We're one of the first teams to arrive on the scene of accident spills involving hazardous materials. Our hazardous materials response teams are trained to the Technician and Operations levels.
Firefighters who want to become officers or current fire officers who want to advance their careers complete fire officer 1, 2 and 3 training programs to become lieutenant, captain and chief officer respectively.
We have a strong commitment to protecting our members with several mental health initiatives as follows:
- Critical incident stress management team helps responders deal with the emotional and psychological effects following stressful responses and critical incidents.
- Peer support: firefighters supporting other firefighters. Trained peers help firefighters obtain the mental health services they need to deal with any issues.
- Resiliency training: company-wide training developed to assist firefighters in understanding mental health issues and giving them the tools to build resiliency to mental trauma.
- Employee and family assistance program: the program provides member and their families professional guidance and counselling. Additionally, mental health professionals respond to critical incidents and perform debriefings for serious events.
Join our diverse, inclusive, high-performing team
We invite all individuals with a desire to protect and serve their community.
We have a job:
- that impacts lives and your community
- that allows you to be a leader
- that offers excellent stability and benefits
- you'll be so proud of you won't stop talking about it
- Completed the National Fire Protection Association (NFPA) 1001 Firefighter I and II programs and other related courses.
- A current/valid Emergency Medical Assistant first responder or an Emergency Medical Responder licence.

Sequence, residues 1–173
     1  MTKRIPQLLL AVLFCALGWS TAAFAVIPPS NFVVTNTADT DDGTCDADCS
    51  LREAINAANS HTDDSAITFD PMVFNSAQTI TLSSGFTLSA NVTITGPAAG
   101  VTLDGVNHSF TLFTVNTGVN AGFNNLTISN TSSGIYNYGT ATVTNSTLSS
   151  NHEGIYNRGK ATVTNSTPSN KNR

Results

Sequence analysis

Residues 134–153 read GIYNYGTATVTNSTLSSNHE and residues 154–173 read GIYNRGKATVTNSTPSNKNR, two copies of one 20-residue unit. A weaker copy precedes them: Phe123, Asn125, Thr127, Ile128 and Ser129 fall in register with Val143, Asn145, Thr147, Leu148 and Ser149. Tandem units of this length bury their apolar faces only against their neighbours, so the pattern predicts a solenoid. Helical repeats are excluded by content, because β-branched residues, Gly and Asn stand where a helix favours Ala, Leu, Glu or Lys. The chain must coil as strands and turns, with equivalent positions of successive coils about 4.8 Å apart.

- A valid BC Class 3 drivers licence without restrictions, plus airbrake endorsement and a good driving record.
- The fitness level to complete a challenging and demanding physical abilities test. The test includes a series of activities that check your physical and mental readiness.
- Canadian citizenship or landed immigrant status.
- A clean criminal record.
Bonus points for:
- Having a Pleasure Craft Operator Card.
- High level of first aid experience.
- Two years of training or work experience in fire-related fields—building construction, mechanical, heavy equipment operation.
- Computer training or experience.
- Post-secondary education, training or apprenticeship.
How to apply?
We receive hundreds of applications every year from hopeful firefighters who want to join the Burnaby fire department. We select those who clear all the following steps:
Step 1: Application review
We'll review your application and resume to confirm if you meet all the qualifications.
Step 2: Interview
If you're shortlisted, we'll invite you for an interview.
Step 3: Criminal record check
At this stage, we'll ask you to provide us with a criminal record check. You'll move to the next step if the review is successful.
Step 4: Orientation program
The orientation program takes 8 days to complete. You must submit a medical clearance certificate for the physical abilities test before this round.
View the Burnaby Fire Department Physical Abilities Testing Guide
- Days 1 and 2 - Learn about the Burnaby Fire Department and basic firefighting techniques.
- Day 3 - Get a step-by-step explanation of what the physical activities test will look like.
- Day 4 - Complete your physical abilities test. If you clear this, you'll move to the next round.
- Days 5 to 8 - Get a taste of what a firefighter's day is like. You'll report to the fire station and learn first-hand from the officer-in-charge about firefighting duties and techniques. You may ride along with crews to emergency calls to observe procedures, as well as carry or pack away equipment.
Step 5: Criminal record check and medical testing
As one of the last steps, we conduct a criminal record check and medical test to check suitability.
Step 6: Fire Chief's interview
This is an essential and final step of the hiring process. The Chief will interview you to learn more about your knowledge, skills and abilities. Prepare well.